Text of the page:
This is another little shrine I wanted to show off. Over on the Covenant of Hekate FB page (I have a private FB account just for pagan groups, and not much else), they offered a challenge to create a shrine to Hekate with just the things lying around in your house. I think the idea was to keep it as simple as possible, and use found objects, or repurpose something else. And this is what I came up with.

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It’s possibly a bit hard to see everything, but it includes raven feathers, some red caps from the eucalyptus trees in the park behind me, some marbles I found, and a scattering of barley.

I tried to minimise the stuff I was using from my proper shrine, and only kept my icon, the globe, the dragon statue, and the seashell full of crystal chips and other found objects and keys that remind me of Her. Oh. And I think that’s a little turtle next to the globe that a friend got me while they were on holiday once. But yes, apart from that, it’s cheap and natural and I think it works quite well.

And of course, I couldn’t not include my wall shrines, to show you don’t need a lot of space to make an effective shrine. These were made from $7 spice racks from IKEA that I painted and varnished, and they do the job so well. Sure, you can’t do much with them, in terms of the amount of stuff they can hold, but sometimes, those limits are very useful in forcing you to choose what to place on there.

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This is quite an early version of it as well, before it got rather bigger and more organised. But you can see it’s effectiveness. The bottom shelf is for runes, and the jewellery tree was one I painted with runes and turned into something that could represent Yggsdrasil. The top shelf is for the statues, and there is Woden, Kernunnos, and Thunor, and some pictures on the wall above them.

The stag I got cheap at a post-Christmas clearance sale in a Christmas shop, and thought he looked generic enough to represent Kernunnos. His antlers were a bit busted up, but I managed to fix them. He is just a little too big for the shelf, and can’t go on there now with the other things I have on there, but I still love him anyway.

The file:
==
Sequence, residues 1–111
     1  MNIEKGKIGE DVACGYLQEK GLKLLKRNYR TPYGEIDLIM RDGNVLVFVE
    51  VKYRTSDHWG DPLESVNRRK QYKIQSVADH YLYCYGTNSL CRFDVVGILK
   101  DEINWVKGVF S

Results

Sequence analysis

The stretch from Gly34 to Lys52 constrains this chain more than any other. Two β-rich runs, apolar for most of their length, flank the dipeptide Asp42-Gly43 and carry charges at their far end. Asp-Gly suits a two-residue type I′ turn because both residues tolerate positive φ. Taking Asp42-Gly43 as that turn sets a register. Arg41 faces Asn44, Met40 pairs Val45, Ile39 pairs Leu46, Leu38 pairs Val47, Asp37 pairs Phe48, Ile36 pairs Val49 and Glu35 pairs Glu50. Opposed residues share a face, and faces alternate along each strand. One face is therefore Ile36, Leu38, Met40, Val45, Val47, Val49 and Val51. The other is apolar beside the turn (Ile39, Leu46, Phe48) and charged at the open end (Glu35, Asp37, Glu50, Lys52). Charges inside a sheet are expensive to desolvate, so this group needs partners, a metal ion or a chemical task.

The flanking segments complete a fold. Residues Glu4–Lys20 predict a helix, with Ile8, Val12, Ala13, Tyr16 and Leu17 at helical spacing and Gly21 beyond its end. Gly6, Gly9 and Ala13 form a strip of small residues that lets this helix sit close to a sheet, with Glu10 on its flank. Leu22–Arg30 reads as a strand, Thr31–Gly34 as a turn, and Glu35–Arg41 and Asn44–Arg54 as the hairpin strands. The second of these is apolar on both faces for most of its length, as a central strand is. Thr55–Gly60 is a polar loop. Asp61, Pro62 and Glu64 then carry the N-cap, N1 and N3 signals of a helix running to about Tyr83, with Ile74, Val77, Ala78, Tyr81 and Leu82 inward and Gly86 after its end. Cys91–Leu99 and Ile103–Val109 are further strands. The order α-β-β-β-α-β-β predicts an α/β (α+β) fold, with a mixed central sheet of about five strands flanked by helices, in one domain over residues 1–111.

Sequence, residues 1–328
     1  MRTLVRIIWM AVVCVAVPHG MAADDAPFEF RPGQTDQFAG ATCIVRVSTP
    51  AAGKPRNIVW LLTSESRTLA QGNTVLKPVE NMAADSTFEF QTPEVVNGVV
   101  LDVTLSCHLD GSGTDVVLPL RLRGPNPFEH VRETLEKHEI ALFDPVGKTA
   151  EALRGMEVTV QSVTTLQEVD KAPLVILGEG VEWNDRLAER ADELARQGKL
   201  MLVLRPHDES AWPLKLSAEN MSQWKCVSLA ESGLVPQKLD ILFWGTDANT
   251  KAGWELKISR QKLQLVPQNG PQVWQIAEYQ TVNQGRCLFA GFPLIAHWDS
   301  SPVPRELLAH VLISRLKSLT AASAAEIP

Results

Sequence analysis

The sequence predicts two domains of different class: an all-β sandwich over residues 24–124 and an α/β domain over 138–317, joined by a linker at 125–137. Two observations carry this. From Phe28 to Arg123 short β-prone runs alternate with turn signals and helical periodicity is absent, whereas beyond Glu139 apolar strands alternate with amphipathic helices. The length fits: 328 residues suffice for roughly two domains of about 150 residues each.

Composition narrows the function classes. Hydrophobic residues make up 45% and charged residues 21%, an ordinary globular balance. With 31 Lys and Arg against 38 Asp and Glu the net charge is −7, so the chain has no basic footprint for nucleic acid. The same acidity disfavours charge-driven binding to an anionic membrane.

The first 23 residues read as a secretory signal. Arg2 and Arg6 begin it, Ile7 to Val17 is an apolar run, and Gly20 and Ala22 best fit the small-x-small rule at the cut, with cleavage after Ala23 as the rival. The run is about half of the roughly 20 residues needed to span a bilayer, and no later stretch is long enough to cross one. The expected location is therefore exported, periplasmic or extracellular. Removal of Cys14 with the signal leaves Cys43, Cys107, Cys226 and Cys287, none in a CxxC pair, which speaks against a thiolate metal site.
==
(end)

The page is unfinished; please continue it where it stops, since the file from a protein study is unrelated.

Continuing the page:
Because I have so little space to make new shrines, putting up these spice racks gave me enough space to add in these little spaces, so I can still let these gods be present in my room, even if it’s only a little space.

And, of course, the whole room changed in 2014, and new shrines were erected. I don’t want to spend too much time on that, since this post is nearly 4000 words at this point in time, but I wanted to show you the initial set-up, and how I decided to put things together. I’ve posted about these shrines and their changing layouts plenty of times since then, so I won’t cover them, but this is how it all started.

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I think this is a few months in, but it’s still mostly how it was originally set up. The top shelf is the akhu shrine, and there’s not much up there that’s still there right now. It became too high to be usable, so I moved it elsewhere.

The middle shrine is for several gods. From left to right, it has spaces for Hermes, Artemis, Isis, Hekate, and Hestia. It’s not a perfect layout by any means, and it changed a lot since, but as a start, it wasn’t bad. It was mainly set up for CoH work, and my growing sense of connection between Artemis, Isis, and Hekate. Hestia and Hermes were part of the noumenia rite, and so that’s how They have a place there.

I like the symmetry of it, though, and how it’s laid out. Although, looking at it now, it wasn’t as equally spread out as I’d have liked, and it’s bothering me. It’s not symmetrical omg how did I cope. D: /I coped just fine, akshully.